The response of patients to gonadotropins after treatment with GnRH-a varies and depends on the agonist used. Different agonists vary in their potency. It was shown that the ovary possesses receptors to GnRH, therefore, there is a direct influence of the GnRH-a on the ovary as well. In some protocols, instead of using recombinant-FSH alone, hMG (which contains some LH activities) is administered, or  additional recombinant-LH is given.

Use of a depo-preparation is associated with increased gonadotropin requirements and longer stimulation periods and should, therefore, not be advocated in terms of cost effectiveness.

Absorption of GnRH-a fluctuates inter- and intra-individually when administered via the intranasal route, producing an unpredictable desensitization level, but generally this is sufficient to prevent premature LH surges.

Since the treatment is effective, the clinician should decide which protocol is suitable for each patient.

Stimulation process
Stimulation with gonadotropins usually starts when down-regulation is achieved. In most cases this occurs approximately 10 days from the first injection of GnRH-a. In patients with polycystic ovarian disease (PCOD) it may take longer (approximately 14 days). Pituitary down-regulation can be verified by measuring the endometrial lining which should be 5 mm or lower. Serum E2  (estradiol), if measured, is usually <200 pmol/l. Vaginal ultrasound examination is also needed to confirm the absence of an ovarian cyst. Should functional ovarian cysts, that secrete estrogen, be detected, three options are available:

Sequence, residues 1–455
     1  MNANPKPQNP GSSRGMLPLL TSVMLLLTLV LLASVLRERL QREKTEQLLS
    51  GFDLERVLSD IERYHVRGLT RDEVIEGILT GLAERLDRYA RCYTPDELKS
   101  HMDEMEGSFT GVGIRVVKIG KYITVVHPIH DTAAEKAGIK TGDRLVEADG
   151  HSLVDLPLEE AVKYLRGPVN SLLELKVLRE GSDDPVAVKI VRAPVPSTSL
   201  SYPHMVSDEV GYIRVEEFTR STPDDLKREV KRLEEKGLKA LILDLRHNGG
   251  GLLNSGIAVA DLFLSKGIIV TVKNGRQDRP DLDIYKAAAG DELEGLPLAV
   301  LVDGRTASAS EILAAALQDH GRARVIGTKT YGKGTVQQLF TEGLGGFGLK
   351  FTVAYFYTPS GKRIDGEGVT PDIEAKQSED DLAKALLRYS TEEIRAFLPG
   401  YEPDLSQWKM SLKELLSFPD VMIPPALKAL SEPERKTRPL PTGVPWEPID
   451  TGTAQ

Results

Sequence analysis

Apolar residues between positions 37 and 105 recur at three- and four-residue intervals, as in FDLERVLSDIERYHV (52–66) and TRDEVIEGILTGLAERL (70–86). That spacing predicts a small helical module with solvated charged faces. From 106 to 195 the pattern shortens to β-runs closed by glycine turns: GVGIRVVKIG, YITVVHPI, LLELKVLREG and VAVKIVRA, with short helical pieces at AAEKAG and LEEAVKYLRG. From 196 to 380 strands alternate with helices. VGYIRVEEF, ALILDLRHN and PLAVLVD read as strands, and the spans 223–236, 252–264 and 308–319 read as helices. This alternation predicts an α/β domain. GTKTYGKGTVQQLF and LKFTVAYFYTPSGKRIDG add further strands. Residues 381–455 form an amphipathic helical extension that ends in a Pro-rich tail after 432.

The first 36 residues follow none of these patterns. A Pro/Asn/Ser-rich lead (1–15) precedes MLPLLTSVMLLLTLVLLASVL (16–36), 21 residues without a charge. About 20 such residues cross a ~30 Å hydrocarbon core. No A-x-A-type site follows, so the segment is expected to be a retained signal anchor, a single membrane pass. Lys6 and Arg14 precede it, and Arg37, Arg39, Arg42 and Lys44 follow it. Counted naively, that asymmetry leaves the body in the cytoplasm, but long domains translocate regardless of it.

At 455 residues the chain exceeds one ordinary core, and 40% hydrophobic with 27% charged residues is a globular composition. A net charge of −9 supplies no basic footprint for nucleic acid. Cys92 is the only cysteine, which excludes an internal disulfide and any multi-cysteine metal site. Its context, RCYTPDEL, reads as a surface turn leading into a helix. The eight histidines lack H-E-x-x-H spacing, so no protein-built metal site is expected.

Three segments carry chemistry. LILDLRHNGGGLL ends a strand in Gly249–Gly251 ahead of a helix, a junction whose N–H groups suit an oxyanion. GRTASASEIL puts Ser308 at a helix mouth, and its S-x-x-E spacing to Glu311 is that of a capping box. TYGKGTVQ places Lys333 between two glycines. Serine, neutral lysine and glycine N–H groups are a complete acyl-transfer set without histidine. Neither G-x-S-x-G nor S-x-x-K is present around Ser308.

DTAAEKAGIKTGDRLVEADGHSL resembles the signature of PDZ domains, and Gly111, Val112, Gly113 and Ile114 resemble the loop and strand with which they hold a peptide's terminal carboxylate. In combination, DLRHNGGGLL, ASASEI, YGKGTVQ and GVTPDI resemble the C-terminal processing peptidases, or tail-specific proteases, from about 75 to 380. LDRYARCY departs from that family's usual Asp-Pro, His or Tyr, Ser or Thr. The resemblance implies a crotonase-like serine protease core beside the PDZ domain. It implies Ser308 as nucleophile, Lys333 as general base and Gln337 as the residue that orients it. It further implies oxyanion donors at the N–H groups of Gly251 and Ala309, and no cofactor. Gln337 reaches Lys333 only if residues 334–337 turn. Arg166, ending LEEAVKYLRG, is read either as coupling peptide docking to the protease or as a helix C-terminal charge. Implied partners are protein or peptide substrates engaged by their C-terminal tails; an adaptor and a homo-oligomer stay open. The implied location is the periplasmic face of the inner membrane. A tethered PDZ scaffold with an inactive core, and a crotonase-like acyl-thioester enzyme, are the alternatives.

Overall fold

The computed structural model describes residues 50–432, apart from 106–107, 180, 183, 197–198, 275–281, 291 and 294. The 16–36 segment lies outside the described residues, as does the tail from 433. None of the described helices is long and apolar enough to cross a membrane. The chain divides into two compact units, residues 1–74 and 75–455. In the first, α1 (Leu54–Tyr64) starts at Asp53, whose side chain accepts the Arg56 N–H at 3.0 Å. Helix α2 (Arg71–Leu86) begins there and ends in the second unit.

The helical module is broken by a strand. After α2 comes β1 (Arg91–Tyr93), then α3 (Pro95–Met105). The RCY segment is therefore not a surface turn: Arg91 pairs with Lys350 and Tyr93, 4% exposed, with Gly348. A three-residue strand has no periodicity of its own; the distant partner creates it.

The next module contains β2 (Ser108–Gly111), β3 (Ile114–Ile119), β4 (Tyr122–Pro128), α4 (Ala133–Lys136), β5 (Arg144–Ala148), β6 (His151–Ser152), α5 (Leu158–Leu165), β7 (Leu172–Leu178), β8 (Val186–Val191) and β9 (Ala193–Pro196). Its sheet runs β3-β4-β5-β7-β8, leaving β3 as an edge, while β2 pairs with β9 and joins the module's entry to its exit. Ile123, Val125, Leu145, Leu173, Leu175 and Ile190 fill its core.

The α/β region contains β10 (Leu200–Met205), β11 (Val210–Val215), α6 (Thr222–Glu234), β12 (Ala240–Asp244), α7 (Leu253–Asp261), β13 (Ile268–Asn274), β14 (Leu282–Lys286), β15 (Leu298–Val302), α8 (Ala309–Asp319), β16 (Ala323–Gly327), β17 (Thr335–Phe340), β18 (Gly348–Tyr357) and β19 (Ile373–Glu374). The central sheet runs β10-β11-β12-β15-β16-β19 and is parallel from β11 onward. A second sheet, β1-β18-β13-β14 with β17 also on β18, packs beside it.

• To continue GnRH-a and wait for down-regulation (this may take another 1-2 weeks)
• To aspirate the cysts through the vagina using an ultrasound vaginal probe (which does not require any sedation); down-regulation is usually achieved after 2-3 days
• Cancel the cycle and start again the following month.

Dose of gonadotropin varies among centers, age of patients, body weight, and previous treatment experience if such exists.

Human Chorionic Gonadotropins (hCG)
Human chorionic gonadotropins (hCG) are usually administered when at least three follicles have reached 18 mm in diameter. In some instances when the patient’s  response is inadequate, the treating physicians should decide on the method of treatment continuation. Egg collection is performed between 34 and 40 hours after hCG injection, before ovulation occurs.

Long GnRH protocol starting at the mid-luteal phase